This new film about Oasis’s glory years is rousing, heart-rending and really f**king funny
Depth Charge Presents: Electro Boogie
[a]Kreidler[/a] and [a]To Rococo Rot[/a], the new wave of German electronica, may be toasting the Krautrock legacy with sparse, austere readings of the genre, but it's good to know that there's still
The formula is devilishly simple and maddeningly opaque; a harsh drumbeat stutters into motion and sinks low in the mix, crushed by a groan of distorted bass and the squeal of a... well, what the fuck is that, precisely? It could be an instrument, but those familiar with Faust's industrial stylings know that it's just as likely to be a powerdrill. Rhymeless and reasonless, 'Ravvivanda''s linear groove would become queasily circular, if it weren't for the playful Germanic nursery-rhymes of 'Dr' Hansl' that allow Faust their odd moment of self-mockery.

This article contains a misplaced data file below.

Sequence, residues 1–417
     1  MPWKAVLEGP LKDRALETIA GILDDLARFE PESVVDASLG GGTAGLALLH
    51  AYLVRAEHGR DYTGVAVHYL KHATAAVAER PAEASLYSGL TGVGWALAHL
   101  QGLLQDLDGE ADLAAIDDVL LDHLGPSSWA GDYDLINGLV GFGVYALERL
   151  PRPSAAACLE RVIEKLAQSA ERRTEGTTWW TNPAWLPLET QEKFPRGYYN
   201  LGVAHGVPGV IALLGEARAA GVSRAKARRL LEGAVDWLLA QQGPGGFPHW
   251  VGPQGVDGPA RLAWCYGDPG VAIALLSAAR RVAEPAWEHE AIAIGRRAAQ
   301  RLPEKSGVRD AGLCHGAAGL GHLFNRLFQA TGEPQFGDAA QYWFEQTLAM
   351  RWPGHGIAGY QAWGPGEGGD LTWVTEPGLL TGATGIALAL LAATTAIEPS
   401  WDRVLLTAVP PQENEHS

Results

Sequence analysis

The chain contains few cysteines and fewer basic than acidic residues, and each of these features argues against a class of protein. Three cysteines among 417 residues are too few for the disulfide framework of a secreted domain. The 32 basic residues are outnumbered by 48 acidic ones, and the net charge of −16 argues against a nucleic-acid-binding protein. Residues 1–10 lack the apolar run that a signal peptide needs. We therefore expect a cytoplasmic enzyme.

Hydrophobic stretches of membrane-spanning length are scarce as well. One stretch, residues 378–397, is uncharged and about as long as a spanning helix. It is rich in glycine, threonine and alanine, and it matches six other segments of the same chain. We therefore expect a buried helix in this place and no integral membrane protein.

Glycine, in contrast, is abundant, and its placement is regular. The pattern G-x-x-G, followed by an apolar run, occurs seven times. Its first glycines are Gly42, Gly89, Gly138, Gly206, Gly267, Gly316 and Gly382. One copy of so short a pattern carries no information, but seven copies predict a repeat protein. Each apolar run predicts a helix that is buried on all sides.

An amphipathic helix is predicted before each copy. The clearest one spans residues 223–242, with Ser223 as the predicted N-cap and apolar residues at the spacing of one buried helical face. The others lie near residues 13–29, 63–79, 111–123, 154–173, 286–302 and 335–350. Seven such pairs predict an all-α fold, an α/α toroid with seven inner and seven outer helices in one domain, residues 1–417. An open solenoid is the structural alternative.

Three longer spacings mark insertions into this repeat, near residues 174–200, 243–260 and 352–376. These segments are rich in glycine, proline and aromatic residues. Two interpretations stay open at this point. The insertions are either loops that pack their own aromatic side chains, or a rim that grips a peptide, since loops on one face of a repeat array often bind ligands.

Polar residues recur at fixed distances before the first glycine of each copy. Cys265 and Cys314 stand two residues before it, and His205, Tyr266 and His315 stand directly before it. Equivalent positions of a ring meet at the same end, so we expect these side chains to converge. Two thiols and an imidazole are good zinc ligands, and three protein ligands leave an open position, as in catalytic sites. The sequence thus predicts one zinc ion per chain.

Closing with 'T-Electronique', though, 'Ravvivanda' proves that it's more than a historical document. A primeval glacial pulse, it snatches the experimental baton back from the hands of Tortoise with assured ease. Good to see that the teachers have still got a few unexpected tricks up their sleeves.
Delving into the murk and noise of their past, the Boston veterans’ second post-reunion album is a superlative indie rock collection
Two kings of the indie dancefloor unite for a warm, timeless take on 20th century pop and rock
This unruly second album delivers a sucker punch to anyone who had the Kent duo down as a novelty act
Justin Vernon’s third Bon Iver album is a weird and wonderful thing